Magenta is not a ‘real’ colour and other mysteries

I have never paid that much attention to colour theory, I know how to mix red, green and blue programatically in various languages and environments to get what I want and that’s about it.

But an article I have just read on how colour really works is fascinating.

The first thing that made me sit up and think is the observation that magenta is not a ‘real’ colour – in the sense that there is no wavelength of light that corresponds to magenta. (I suppose I have always thought of it as a ‘light violet’, but it’s not really.)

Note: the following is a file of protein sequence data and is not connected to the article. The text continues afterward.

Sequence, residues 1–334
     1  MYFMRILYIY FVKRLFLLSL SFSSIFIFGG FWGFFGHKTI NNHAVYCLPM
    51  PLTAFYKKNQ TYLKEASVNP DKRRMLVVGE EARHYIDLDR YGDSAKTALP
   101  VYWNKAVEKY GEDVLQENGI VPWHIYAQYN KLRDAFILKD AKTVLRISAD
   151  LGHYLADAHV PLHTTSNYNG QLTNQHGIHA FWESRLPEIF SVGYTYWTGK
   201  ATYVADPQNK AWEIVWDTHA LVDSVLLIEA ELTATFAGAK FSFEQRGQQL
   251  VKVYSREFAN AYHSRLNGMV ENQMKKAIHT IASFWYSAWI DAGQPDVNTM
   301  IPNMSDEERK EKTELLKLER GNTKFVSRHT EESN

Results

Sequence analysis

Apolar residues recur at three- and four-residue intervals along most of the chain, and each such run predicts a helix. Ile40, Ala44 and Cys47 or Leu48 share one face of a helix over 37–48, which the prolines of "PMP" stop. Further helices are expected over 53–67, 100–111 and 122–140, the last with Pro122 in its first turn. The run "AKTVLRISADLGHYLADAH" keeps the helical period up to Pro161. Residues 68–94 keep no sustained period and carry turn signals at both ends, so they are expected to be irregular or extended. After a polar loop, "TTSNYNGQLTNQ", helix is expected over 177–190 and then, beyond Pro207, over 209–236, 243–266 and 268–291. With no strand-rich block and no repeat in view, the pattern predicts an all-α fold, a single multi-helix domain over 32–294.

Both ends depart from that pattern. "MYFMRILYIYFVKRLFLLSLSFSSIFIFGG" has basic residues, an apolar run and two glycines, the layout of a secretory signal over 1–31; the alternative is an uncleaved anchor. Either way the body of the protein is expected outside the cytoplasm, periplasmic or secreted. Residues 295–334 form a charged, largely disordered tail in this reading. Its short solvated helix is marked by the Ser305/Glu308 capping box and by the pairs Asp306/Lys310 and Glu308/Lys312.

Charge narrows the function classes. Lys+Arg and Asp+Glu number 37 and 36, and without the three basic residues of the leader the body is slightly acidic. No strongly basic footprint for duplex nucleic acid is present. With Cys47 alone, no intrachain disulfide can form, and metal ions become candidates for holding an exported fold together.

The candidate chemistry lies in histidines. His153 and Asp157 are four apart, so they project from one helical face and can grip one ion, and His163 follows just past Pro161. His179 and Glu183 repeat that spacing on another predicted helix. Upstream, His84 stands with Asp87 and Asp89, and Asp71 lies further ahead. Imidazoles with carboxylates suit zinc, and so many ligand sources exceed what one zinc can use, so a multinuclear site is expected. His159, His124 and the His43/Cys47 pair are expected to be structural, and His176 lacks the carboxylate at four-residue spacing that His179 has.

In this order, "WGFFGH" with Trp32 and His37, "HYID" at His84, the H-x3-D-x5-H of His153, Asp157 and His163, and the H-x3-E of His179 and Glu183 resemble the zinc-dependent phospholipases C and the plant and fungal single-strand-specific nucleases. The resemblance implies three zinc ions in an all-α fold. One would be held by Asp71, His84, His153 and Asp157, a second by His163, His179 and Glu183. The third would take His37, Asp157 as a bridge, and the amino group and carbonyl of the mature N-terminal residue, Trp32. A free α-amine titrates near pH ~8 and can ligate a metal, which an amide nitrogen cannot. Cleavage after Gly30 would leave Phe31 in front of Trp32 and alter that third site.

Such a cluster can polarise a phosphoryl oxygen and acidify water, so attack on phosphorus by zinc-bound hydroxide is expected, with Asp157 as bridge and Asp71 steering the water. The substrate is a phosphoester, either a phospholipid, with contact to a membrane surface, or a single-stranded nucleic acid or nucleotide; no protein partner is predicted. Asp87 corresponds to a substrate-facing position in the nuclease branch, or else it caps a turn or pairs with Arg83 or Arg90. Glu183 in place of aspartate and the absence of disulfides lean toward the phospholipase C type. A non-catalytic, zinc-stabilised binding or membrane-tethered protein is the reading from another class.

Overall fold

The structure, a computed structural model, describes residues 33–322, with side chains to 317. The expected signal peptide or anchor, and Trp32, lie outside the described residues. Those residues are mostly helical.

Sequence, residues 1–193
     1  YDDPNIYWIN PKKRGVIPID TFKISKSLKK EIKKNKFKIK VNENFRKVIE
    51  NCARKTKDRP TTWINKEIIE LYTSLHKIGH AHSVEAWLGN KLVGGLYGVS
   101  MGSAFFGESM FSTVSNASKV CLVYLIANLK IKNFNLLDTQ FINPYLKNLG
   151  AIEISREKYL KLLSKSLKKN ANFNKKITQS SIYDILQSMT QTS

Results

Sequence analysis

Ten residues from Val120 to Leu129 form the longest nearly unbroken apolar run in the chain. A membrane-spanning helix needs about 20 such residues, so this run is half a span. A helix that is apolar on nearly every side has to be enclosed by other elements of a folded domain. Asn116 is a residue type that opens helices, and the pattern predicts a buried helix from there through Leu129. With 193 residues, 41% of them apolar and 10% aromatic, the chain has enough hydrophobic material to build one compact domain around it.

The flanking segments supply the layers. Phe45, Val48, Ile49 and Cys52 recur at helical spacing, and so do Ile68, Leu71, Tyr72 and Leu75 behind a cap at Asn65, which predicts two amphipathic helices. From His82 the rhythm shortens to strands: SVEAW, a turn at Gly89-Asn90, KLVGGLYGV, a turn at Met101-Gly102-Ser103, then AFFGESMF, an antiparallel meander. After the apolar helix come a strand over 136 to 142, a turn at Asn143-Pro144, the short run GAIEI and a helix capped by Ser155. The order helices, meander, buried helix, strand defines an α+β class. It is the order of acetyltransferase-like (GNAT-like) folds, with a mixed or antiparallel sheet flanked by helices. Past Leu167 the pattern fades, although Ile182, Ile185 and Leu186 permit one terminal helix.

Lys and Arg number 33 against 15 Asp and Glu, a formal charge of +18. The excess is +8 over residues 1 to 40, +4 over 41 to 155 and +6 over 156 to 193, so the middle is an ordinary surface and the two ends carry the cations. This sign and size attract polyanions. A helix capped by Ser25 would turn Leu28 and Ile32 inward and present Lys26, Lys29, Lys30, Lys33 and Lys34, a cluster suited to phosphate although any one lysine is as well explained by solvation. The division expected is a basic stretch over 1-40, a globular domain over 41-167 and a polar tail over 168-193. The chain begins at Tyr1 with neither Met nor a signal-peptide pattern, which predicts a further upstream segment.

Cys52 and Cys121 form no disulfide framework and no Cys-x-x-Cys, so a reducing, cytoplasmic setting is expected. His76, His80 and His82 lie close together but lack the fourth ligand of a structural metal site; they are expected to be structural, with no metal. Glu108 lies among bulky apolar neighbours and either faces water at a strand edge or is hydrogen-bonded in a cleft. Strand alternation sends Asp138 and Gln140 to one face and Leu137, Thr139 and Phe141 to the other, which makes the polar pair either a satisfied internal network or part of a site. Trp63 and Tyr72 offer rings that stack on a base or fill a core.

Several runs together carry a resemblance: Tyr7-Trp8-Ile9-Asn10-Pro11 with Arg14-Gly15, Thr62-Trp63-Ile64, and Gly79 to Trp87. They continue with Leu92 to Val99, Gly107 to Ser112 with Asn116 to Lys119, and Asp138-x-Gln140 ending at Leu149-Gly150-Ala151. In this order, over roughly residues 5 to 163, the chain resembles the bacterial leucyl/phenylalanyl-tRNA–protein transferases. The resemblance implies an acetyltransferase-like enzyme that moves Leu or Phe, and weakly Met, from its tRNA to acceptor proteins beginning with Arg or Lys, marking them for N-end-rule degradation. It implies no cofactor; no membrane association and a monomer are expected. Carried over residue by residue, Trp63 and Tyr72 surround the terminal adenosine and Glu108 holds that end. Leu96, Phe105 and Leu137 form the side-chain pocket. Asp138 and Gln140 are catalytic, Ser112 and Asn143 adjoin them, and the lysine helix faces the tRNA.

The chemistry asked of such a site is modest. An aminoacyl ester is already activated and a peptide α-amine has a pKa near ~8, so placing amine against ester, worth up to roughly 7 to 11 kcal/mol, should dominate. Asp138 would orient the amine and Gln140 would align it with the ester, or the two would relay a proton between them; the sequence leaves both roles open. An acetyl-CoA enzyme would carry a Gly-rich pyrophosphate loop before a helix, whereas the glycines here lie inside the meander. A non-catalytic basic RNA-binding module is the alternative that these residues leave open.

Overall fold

magenta square
Of course the colour is “real” but its reality is not based on simple physics – that square is simply made up from (if you are using an old fashioned CRT monitor) equally bright blue and red dots. The “colour” is manufactured in your brain. It is what is known as an “extra spectral” colour and of course their are many of these we see in daily life: just think of brown.

The way the brain handles colour is fascinating – this optical illusion – which I have seen before but which continue to amaze me – is a great example. Squares A and B could not possibly be the same colour – but, in fact, they are: your brain automatically corrects for the shadow.

Chess squares

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